How Consumer Guide Automotive Ratings Work

Car salesman
An automotive rating system helps you to do your homework before you face this guy on the car lot.
Barry Austin Photography/Getty Images

If you've ever spent time shopping for a car, you know the process can be overwhelming. New or used, foreign or domestic, two-door or four-door -- the decisions go on and on. Fortunately, consumers have numerous resources at their fingertips to help guide them through the car buying process, with Consumer Guide Automotive Ratings being one of the most established. Consumer Guide has rated thousands of cars since it started in 1967. Although Consumer Guide originally published its reviews in print, it has shifted its focus to the Web since being purchased by the Convex Group in 2005 [source:].

As you might imagine, reviewing every new car that hits the market is quite an undertaking, which explains why Consumer Guide has a full-time staff of 10 automotive editors to handle the job. The editors use their combined 150 years' worth of auto reviewing experience to rate more than 200 vehicles every year, meaning you'll have a hard time finding a vehicle they haven't covered [source:]. In addition, the staff puts together buying guides, covers the car industry's biggest auto shows and posts articles about a wide range of automotive topics.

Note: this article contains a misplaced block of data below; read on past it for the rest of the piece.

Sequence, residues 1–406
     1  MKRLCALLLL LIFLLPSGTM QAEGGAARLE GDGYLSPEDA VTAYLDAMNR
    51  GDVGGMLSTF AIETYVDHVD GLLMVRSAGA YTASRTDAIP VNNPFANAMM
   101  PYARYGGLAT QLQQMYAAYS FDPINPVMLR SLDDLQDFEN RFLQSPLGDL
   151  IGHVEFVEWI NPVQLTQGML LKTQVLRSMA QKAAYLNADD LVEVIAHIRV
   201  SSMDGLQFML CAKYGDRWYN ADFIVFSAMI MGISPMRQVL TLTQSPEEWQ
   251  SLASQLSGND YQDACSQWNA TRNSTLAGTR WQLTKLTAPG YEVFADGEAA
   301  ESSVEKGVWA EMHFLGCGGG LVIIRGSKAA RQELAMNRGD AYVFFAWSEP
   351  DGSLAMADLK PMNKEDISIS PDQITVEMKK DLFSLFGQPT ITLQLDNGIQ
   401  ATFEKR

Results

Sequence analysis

Visitors to Consumer Guide can find more than just automotive information. Consumer Guide partners with different businesses like and Intelliprice to offer access to resources like classified ads and trade-in estimators. Consumer Guide also has a guide to help you choose financing and insurance for your car. Most of the content on Consumer Guide is free to access, though you will need to pay for some additional services, like posting your car in the classified section.

In this article, we'll explore exactly what goes into a Consumer Guide review. We'll also look at some of the other features on the Consumer Guide site, as well as some ways that Consumer Guide could improve. But first things first: Read on to find out how Consumer Guide helps you to make sure your next car is a great one.


How Consumer Guide Auto Ratings Are Determined

A lot goes into making a car, so it makes perfect sense that Consumer Guide considers many different aspects when coming up with a car's rating. The reviews start with an overview page. On the overview page, you can see a car's overall rating, vehicle highlights and a quick summary of the vehicle's competition.